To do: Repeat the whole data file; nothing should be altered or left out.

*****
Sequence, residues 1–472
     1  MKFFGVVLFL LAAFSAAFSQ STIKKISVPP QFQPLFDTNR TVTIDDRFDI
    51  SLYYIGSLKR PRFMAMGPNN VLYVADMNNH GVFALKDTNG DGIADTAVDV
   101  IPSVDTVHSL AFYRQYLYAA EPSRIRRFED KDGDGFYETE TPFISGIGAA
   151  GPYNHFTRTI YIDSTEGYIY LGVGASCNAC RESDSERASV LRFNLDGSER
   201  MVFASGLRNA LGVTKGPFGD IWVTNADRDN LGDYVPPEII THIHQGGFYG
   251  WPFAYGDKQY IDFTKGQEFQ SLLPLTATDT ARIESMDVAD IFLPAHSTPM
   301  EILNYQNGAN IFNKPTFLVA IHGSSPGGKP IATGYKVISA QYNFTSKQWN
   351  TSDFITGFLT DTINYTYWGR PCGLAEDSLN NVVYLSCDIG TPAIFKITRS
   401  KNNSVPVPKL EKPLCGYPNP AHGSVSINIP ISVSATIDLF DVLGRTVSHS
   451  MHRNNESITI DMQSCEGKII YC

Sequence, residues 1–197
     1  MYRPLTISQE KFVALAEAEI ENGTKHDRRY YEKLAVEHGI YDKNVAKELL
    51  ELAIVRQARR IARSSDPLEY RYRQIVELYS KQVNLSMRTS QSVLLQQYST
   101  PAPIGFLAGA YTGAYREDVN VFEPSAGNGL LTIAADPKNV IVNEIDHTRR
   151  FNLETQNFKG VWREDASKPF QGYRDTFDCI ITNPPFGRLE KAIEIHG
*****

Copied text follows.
Sequence, residues 1–472
     1  MKFFGVVLFL LAAFSAAFSQ STIKKISVPP QFQPLFDTNR TVTIDDRFDI
    51  SLYYIGSLKR PRFMAMGPNN VLYVADMNNH GVFALKDTNG DGIADTAVDV
   101  IPSVDTVHSL AFYRQYLYAA EPSRIRRFED KDGDGFYETE TPFISGIGAA
   151  GPYNHFTRTI YIDSTEGYIY LGVGASCNAC RESDSERASV LRFNLDGSER
   201  MVFASGLRNA LGVTKGPFGD IWVTNADRDN LGDYVPPEII THIHQGGFYG
   251  WPFAYGDKQY IDFTKGQEFQ SLLPLTATDT ARIESMDVAD IFLPAHSTPM
   301  EILNYQNGAN IFNKPTFLVA IHGSSPGGKP IATGYKVISA QYNFTSKQWN
   351  TSDFITGFLT DTINYTYWGR PCGLAEDSLN NVVYLSCDIG TPAIFKITRS
   401  KNNSVPVPKL EKPLCGYPNP AHGSVSINIP ISVSATIDLF DVLGRTVSHS
   451  MHRNNESITI DMQSCEGKII YC

Sequence, residues 1–197
     1  MYRPLTISQE KFVALAEAEI ENGTKHDRRY YEKLAVEHGI YDKNVAKELL
    51  ELAIVRQARR IARSSDPLEY RYRQIVELYS KQVNLSMRTS QSVLLQQYST
   101  PAPIGFLAGA YTGAYREDVN VFEPSAGNGL LTIAADPKNV IVNEIDHTRR
   151  FNLETQNFKG VWREDASKPF QGYRDTFDCI ITNPPFGRLE KAIEIHG